Re – appropriated images offer a similar opportunity. When researching for the assignment online there were several images used in this way including those of the Mona Lisa, selling pizza, wearing a niqab, and even sporting a smiley face emoticon.

 
Although I do not feel drawn to study this area further, I have very much enjoyed it and learned a great deal. I have a greater appreciation of the way images are used, as well as the impact of typography which I first discovered as an art form earlier in the course. Despite having little knowledge of how to create images using technology, I have felt inspired to try. With a free app I took my chosen Vermeer image and created something different as shown here. I feel this part of the course will improve my creativity and widen my view.
(503 words)picsketch-2016-09-16-13-22-48

Enough is enough

Enough…by David Whyte

Enough. These few words are enough.
If not these words, this breath.
If not this breath, this sitting here.
This opening to the life
we have refused
again and again
until now.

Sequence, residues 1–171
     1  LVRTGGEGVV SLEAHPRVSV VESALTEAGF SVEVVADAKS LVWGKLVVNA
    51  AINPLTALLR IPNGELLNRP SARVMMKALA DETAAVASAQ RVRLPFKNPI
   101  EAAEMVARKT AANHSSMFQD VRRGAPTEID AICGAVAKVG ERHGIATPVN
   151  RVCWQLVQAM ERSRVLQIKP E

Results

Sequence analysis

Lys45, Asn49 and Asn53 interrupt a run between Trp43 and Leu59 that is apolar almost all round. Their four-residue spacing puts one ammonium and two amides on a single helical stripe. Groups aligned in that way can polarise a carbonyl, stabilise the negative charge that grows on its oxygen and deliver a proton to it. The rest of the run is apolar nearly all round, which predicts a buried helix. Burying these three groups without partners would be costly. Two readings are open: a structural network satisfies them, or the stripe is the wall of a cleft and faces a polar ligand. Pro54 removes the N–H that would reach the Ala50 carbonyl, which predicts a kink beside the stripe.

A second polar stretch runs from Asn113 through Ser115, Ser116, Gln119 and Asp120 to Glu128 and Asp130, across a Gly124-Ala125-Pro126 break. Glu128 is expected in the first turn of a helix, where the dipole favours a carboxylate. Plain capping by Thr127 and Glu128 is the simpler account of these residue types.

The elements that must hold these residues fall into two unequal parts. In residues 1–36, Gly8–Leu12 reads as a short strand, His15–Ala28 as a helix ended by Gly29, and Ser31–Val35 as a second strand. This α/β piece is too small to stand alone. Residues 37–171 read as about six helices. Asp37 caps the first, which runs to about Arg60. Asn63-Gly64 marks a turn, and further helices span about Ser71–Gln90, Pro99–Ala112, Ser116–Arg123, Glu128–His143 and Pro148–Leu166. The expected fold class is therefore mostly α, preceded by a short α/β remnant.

Until now

 
Sometimes I feel that there are too many words, too many thoughts. I really do want to say ………enough, basta, finito!  Just stop talking, reading, writing, typing,. Just stop.
I wonder why that is,  and then I read this poem and there is something about the words creating a barrier between the unlived life and the life I create. Hmm.

ad-nauseum-1562850__180

Exercise 4 Cutting edge

Connecting in cyberspace. I suppose it is true that we are all more connected but connected to what? I buy from eBay and Amazon. I look for ideas on Pinterest and music on YouTube. there are opportunities to play interactive games and Candy Crush and Scrabble are my favourite. However, I am not connecting to anyone else, it is a solo shopping trip and a solo sport.social media